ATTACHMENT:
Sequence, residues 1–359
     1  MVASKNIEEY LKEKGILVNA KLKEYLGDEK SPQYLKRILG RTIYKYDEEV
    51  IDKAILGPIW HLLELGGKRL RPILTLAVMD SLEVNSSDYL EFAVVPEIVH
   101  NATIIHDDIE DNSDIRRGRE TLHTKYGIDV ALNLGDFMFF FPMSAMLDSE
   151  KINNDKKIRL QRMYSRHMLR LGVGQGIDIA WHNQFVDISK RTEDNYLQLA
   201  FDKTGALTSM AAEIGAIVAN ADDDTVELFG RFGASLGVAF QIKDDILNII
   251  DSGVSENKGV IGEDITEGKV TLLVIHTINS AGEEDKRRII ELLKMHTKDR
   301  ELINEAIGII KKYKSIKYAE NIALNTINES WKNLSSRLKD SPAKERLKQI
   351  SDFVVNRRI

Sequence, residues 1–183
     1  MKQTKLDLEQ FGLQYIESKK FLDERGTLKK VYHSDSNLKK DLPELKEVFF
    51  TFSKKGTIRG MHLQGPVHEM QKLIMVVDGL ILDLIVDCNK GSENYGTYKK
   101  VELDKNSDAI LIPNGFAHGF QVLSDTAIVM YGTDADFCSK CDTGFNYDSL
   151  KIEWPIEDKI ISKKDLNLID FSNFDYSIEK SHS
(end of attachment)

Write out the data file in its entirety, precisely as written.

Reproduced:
Sequence, residues 1–359
     1  MVASKNIEEY LKEKGILVNA KLKEYLGDEK SPQYLKRILG RTIYKYDEEV
    51  IDKAILGPIW HLLELGGKRL RPILTLAVMD SLEVNSSDYL EFAVVPEIVH
   101  NATIIHDDIE DNSDIRRGRE TLHTKYGIDV ALNLGDFMFF FPMSAMLDSE
   151  KINNDKKIRL QRMYSRHMLR LGVGQGIDIA WHNQFVDISK RTEDNYLQLA
   201  FDKTGALTSM AAEIGAIVAN ADDDTVELFG RFGASLGVAF QIKDDILNII
   251  DSGVSENKGV IGEDITEGKV TLLVIHTINS AGEEDKRRII ELLKMHTKDR
   301  ELINEAIGII KKYKSIKYAE NIALNTINES WKNLSSRLKD SPAKERLKQI
   351  SDFVVNRRI

Sequence, residues 1–183
     1  MKQTKLDLEQ FGLQYIESKK FLDERGTLKK VYHSDSNLKK DLPELKEVFF
    51  TFSKKGTIRG MHLQGPVHEM QKLIMVVDGL ILDLIVDCNK GSENYGTYKK
   101  VELDKNSDAI LIPNGFAHGF QVLSDTAIVM YGTDADFCSK CDTGFNYDSL
   151  KIEWPIEDKI ISKKDLNLID FSNFDYSIEK SHS